In the stars: an epiphany story

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(Unsplash/Waldemar Brandt)

I originally wrote this column about the Epiphany. It seemed a fitting topic for the end of the Christmas season. Then, I got hit by a car. There's no obvious reason why a pedestrian mishap would translate to rewriting a column, but perhaps it will become clearer when I explain what it feels like.

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You are crossing the street. You have waited for the light. You have looked both ways. The only cars approaching are far away — far enough, your mind registers, to slow down in plenty of time. You have crossed the street a hundred times, on errands too trivial to require much thought or purpose.

At first, it's only out of the corner of your eye, that you notice something is wrong — something is out of the ordinary. The car is not slowing down. It will slow down, though. It doesn't. In one moment, while it's still a little way off, the balance shifts from not-a-catastrophe-yet, to inescapable-catastrophe-barreling-towards you. In the final moment before it hits you, its size and speed and metallic efficiency swell to fill the world. The sheen of it, the screech of the brakes, the immense power it carries, are the realest things you have ever known. How could you have gone through your life without ever touching reality, without ever knowing that reality is this gleaming silver Subaru, hurtling down the street to kill you? You have no to time to move; you have all the time in the world to think, "I am going to die today."

When, after an eternity of waiting, contact occurs, it feels like reality, terrifying and shattering and exhilarating and definitely the reason you will die today.

I did not die. I was knocked down, bruised, shaken; I am told other injuries may manifest themselves over the course of the next few months. But I was alive. I exchanged information with the driver, refused offers to call an ambulance, walked into the nearest restaurant, and ordered myself steak tartare.

It seemed impossible, as the adrenaline ebbed out of my body, that such a thing had happened, at such a time, to me. What if I had crossed at a different crossing, or left my home later, or gone a different route? And yet it seemed equally impossible that I could have avoided that moment, that encounter with an adversary who felt as destined for me as the dragon in a fairy tale is for his knight.

Interest and belief in astrology is, by all accounts, increasing in our culture. Commentators and critics have offered several explanations for its resurgence, all of them interesting. But there is an obvious, and I think therefore overlooked reason, which is that the stars are very real. They exist trillions of miles away, and they fill our world with radiance. They cannot be touched or controlled; their movements govern our seasons. They are the subject of a thousand songs and stories, and they will utterly outlast each of us. In the sub-lunar world of fluctuation and spectacle, their beauty (if you are lucky enough to see it away from light pollution) cannot be denied or trivialized or changed. To say that the stars influence the minutia of your life is to say that each ephemeral moment and contingency is pulsing with reality, a granular instance of an immortal cosmos.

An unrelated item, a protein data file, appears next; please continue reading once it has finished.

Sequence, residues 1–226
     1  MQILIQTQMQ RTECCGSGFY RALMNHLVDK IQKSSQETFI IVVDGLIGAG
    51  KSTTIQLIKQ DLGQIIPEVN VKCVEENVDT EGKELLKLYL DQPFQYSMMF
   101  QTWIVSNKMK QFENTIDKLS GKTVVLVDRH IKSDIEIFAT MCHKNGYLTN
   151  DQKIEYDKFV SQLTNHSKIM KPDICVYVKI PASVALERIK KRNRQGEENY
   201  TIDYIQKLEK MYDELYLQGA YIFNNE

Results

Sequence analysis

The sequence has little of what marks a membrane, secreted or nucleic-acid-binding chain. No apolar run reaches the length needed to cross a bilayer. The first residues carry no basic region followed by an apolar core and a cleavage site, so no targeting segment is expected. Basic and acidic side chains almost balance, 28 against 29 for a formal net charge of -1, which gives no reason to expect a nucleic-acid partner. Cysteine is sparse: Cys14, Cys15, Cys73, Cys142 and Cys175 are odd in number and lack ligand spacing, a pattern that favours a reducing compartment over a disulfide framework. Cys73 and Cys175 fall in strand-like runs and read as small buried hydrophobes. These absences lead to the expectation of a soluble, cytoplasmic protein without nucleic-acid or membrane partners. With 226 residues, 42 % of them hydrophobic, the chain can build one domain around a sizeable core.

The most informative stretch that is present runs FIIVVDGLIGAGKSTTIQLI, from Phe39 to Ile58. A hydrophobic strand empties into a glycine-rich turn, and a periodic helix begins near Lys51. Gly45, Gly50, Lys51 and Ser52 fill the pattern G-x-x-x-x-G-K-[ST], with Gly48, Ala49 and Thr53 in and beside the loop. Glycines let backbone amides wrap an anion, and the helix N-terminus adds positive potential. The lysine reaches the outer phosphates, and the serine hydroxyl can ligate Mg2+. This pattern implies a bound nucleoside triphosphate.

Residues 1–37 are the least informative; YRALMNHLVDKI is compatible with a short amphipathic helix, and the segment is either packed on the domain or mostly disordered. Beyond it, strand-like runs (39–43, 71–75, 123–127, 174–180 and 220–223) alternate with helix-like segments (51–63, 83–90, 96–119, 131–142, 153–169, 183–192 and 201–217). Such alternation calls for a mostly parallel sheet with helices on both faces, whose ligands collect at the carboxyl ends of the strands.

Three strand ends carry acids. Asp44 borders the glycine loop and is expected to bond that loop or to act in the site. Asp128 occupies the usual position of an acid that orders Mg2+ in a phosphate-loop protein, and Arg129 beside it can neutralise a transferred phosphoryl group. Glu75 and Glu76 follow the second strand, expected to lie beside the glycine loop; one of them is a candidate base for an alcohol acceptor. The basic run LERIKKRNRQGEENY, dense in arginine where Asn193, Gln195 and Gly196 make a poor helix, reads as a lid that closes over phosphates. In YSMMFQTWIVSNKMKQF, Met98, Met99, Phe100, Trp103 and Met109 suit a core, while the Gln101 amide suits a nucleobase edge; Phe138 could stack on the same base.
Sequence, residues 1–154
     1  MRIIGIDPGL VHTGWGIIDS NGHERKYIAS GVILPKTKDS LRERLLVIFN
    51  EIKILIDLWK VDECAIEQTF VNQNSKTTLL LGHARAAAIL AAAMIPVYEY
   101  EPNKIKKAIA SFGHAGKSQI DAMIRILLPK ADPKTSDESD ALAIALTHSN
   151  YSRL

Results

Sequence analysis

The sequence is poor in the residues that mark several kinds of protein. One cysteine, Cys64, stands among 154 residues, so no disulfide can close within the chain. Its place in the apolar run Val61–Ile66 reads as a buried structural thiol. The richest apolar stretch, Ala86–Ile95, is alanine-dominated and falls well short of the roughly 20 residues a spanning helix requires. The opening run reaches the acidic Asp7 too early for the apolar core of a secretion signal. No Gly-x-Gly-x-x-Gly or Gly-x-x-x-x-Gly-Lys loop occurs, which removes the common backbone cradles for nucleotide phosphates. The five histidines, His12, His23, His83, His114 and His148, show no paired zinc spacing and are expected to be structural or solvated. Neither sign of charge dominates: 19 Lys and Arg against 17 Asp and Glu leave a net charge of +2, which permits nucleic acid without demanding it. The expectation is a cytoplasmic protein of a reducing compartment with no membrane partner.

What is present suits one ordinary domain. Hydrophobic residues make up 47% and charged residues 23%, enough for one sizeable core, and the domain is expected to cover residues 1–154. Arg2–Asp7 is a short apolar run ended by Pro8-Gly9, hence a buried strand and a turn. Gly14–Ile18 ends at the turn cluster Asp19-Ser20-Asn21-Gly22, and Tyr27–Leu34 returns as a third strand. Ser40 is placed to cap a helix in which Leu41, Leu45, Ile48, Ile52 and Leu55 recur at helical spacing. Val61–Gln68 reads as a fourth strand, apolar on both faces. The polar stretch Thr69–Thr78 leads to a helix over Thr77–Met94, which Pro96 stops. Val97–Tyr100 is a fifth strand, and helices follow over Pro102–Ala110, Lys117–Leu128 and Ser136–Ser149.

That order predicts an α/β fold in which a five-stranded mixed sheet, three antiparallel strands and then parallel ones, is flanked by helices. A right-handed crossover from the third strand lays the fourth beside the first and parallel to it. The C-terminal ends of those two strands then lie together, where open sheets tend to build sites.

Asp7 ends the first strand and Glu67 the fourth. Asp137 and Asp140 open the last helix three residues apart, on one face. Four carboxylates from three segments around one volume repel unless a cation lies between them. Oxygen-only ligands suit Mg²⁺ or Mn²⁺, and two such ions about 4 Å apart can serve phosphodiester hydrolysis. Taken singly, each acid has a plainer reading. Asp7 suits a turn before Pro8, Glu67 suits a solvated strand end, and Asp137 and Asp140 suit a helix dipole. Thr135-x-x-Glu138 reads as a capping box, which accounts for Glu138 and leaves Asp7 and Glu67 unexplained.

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(Unsplash/Calwaen Liew)

The three Magi who visited Christ were, by legend at least, astrologers. A star had risen in the sky, announcing the birth of the King of the Jews, and so they left their own land to pay him homage. According to Matthew:

When they had heard the king [Herod], they set out; and there, ahead of them, went the star that they had seen at its rising, until it stopped over the place where the child was. When they saw that the star had stopped, they were overwhelmed with joy. On entering the house, they saw the child with Mary his mother; and they knelt down and paid him homage.

What a strange incident — to find oneself caught up in a cosmic drama, to correctly divine the riddles of the ancient stars. And then, after all the solemn pilgrimage, to finally arrive such an ordinary domestic scene — a baby and his mother. The Gospel itself notes no discrepancy. They were overwhelmed with joy to see that the star had stopped. They asked no questions and emptied their chests. Was it trust in the star? Or did they already perceive in the baby's dimpled flesh the unmistakable presence of reality, reality that could put the stars to shame?

There is no particularly good way to wrap up a story of getting hit by a car, because there's no particular moral to getting hit by a car. It meant something to me, but that doesn't mean it meant anything in itself. If anything, the puzzle is how to reconcile such a banal incident with the feeling of having passed through something momentous. The answer, of course, is death, the predestined adversary, the reality principle for all creatures under the moon. It was death's passing, disinterested touch that electrified my hand.

At a different point in my life, I might have chased encounters with death — not suicidally, but hoping for just that lightest, electrifying touch. Like many others, I have spent my time throwing my soul in front of cars, so to speak, hoping to encounter something real. But death is not the most real thing. Death's conqueror is real, the Word made flesh. By him the stars were made, for us he became the subject of their omens. He came into the world so that we might have life, abundant and everlasting. He appears in ordinary and incongruous places, and it's worth the wandering of a lifetime if in one cataclysmic moment, we find him biding quietly, and adore.

[Clare Coffey lives in the Philadelphia area. She teaches kindergarten at a small Catholic school.]

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